All in all, I am extremely pleased with this plane. It is going to be a lot of fun to fly. Hope to learn the basic pattern manuevers and zoom around the sky. Now, I've got to get back to building my Dandy Sport fuselage (my third)...

Another happy SB3D owner,

Jul 19, 2003, 12:02 AM
Thread OP
Jon: the see through prop comes from it spinning with a bit of flash (bounced off of the ceiling). Pretty neat effect. Certainly more fun than it sitting there motionless

Jul 19, 2003, 01:04 AM
Leave me alone!
Martin Hunter's Avatar
That's a cool shot. Congrats on getting in some great SB flying. I really need to recover my GT/3D wing for some razor powered action

Jul 19, 2003, 10:50 AM
Thread OP
Well, there's carnage now. Patrick and I went flying again this morning. This time, we decided to try taking off from the parking lot that borders the park where we were flying. This involves a quick roll out (which is really no problem with the planes involved) and then flying between/over some trees.

I went first. I moved my CG back to where it's supposed to be and powered up. The SB climbed out at a 60 or 70 degree angle and all was good. This flight went much better than my first flights yesterday. The CG was definitely my problem there. Only problem was my pack (KAN 950) only lasted for about 5 minutes. I think it has not been properly broken in. I've only got a couple of flights on it so far. Landing was the usual touchdown, flip over affair we're used to at this field. The grass is just too grabby.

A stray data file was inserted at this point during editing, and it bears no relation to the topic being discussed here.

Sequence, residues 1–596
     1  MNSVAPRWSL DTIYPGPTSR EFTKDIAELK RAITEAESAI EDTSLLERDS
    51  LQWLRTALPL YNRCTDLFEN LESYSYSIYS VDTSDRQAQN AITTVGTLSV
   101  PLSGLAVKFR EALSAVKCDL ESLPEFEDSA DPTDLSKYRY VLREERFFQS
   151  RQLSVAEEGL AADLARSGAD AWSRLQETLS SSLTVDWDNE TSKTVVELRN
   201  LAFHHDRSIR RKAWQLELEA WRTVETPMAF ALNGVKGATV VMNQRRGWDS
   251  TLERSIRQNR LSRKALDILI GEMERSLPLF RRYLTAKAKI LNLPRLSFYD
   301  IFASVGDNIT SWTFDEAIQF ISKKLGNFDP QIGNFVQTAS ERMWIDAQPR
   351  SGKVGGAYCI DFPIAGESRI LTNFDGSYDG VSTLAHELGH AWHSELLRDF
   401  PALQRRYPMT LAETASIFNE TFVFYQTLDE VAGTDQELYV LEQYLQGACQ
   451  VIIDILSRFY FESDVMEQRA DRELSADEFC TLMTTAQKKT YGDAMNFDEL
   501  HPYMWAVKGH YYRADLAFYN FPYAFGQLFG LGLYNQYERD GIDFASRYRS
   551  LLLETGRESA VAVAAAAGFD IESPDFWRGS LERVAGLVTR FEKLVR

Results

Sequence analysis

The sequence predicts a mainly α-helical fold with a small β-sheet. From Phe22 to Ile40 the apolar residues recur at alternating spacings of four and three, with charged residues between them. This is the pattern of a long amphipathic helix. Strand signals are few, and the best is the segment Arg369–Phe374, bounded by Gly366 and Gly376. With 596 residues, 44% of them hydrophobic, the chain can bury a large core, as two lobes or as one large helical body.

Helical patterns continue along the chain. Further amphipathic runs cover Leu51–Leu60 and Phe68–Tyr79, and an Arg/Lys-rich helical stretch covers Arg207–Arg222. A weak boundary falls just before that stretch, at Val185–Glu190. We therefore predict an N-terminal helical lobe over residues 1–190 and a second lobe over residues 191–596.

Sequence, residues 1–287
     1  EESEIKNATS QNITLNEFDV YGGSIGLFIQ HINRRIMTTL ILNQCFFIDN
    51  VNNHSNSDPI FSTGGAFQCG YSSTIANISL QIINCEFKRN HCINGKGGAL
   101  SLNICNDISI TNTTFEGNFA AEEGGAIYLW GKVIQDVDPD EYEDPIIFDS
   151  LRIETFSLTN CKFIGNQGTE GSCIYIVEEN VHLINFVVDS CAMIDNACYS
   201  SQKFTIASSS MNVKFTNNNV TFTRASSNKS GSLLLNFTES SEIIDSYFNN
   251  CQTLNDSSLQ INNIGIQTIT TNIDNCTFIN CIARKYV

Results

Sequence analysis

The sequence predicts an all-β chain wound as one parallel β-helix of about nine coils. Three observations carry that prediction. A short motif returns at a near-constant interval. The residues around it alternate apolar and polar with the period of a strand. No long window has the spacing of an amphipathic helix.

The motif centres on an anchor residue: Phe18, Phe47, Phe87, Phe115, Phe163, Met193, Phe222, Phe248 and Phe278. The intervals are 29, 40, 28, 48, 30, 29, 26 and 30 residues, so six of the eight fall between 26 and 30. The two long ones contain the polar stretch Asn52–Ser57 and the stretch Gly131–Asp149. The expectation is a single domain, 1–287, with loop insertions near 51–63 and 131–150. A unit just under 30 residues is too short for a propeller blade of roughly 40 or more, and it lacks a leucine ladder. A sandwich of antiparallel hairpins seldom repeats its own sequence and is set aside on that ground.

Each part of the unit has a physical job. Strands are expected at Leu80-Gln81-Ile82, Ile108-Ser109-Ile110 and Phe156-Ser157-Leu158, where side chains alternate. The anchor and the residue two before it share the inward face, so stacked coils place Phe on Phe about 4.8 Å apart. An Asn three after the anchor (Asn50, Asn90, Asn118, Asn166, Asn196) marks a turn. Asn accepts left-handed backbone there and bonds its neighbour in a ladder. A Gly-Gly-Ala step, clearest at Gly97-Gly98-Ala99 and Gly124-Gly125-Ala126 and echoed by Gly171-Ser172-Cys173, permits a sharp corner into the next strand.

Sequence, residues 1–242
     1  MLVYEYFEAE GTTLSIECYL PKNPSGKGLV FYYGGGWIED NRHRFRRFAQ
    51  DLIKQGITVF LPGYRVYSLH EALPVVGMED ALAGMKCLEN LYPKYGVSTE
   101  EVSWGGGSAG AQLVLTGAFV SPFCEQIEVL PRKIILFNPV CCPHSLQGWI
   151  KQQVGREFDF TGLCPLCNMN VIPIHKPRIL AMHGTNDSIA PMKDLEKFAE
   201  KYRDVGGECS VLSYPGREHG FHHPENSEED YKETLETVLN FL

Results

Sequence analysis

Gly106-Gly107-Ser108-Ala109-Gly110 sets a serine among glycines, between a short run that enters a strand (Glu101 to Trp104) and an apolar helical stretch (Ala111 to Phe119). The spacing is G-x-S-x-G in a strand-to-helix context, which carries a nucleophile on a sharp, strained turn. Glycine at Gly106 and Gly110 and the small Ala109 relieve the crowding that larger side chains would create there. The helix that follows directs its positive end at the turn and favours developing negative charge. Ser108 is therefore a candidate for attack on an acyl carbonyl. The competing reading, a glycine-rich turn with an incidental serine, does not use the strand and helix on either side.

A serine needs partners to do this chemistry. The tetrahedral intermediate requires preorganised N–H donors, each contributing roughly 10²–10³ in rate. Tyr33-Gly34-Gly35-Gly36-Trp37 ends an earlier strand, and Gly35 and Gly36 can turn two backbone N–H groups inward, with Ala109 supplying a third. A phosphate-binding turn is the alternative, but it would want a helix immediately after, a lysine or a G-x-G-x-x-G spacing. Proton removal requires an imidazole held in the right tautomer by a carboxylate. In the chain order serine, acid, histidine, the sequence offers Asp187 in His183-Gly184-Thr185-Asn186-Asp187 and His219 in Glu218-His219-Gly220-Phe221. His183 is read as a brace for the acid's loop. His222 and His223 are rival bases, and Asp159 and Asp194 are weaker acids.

Patrick flew his DS next. I'm still amazed at the power the Razor 350 brings to that plane. And with only 8 cell AAAs. Can't wait to see it with the 3s1p Thunder pack he's got coming.

My turn again. This time, and here comes the carnage part, I powered up and started to roll out. As it picked up speed, it increasingly yawed hard to the left. To the left on this runway is not a good place to be. I took off while trying to pull it back to the right. It wasn't enough and I smacked it into a handicapped parking sign pretty hard. Hit the left wing and sheared most of it off close to the fuselage.

I was really hesitant to walk over and assess the damage. It sounded really bad. A sharp "smack" into the signpost. Just when I was starting to get the hang of the plane too. Fortunately, the damage is not all that bad. Definitely repairable. The wing is in 2 pieces and the fuselage has a crack in it. Back to the workbench again...